How to Enact Reconciliation in British Columbia CRM
Author(s): Joanne Hammond
Righting the balance between Indigenous and non-Indigenous populations is the defining challenge of 21st century nationhood in Canada. Archaeology, as a discipline and an industry, has specific responsibilities and opportunities in this reconciliation. Despite recent attention brought to the social injustices of colonization, reconciliation is still scantily considered and spottily applied by heritage practitioners, governments and businesses. I discuss how we can and must enact reconciliation in the heritage resource management industry in BC, and consider its actual and potential effects on the practice of archaeology in general and CRM in particular. I set the challenges of decolonizing BC CRM in wider legal, political, and economic contexts, including how archaeology interacts with case law big and small, treaty processes, UNDRIP, the work of the Truth and Reconciliation Commission of Canada, and evolving government-to-government relationships. I propose a ‘republic of archaeology’ as unifying philosophy through which reconciliation can be pursued through specific kinds of engagements with the primary constituencies of CRM: Indigenous groups, professional practitioners, regulatory bodies and the non-Indigenous public. I suggest concrete steps we can take as individuals and organizations to support reconciliation, and evaluate some of the potential barriers to this shift in heritage practice.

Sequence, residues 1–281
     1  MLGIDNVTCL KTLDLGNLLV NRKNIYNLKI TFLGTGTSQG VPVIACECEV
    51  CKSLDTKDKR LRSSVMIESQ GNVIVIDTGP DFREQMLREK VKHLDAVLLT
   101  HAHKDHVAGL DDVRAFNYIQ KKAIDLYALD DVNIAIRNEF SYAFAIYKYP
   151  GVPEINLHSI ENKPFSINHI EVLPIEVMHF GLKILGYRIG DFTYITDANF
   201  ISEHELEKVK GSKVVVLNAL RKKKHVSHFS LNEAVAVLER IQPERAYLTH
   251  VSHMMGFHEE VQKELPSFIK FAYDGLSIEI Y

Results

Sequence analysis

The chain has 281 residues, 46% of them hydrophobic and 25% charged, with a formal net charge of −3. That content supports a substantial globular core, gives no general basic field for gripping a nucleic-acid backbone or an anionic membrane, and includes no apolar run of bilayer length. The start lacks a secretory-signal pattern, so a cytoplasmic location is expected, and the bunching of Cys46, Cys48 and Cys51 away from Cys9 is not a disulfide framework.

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How to Enact Reconciliation in British Columbia CRM. Joanne Hammond. Presented at The 81st Annual Meeting of the Society for American Archaeology, Vancouver, British Columbia. 2017 ( tDAR id: 430301)
min long: -169.717; min lat: 42.553 ; max long: -122.607; max lat: 71.301 ;
Abstract Id(s): 17575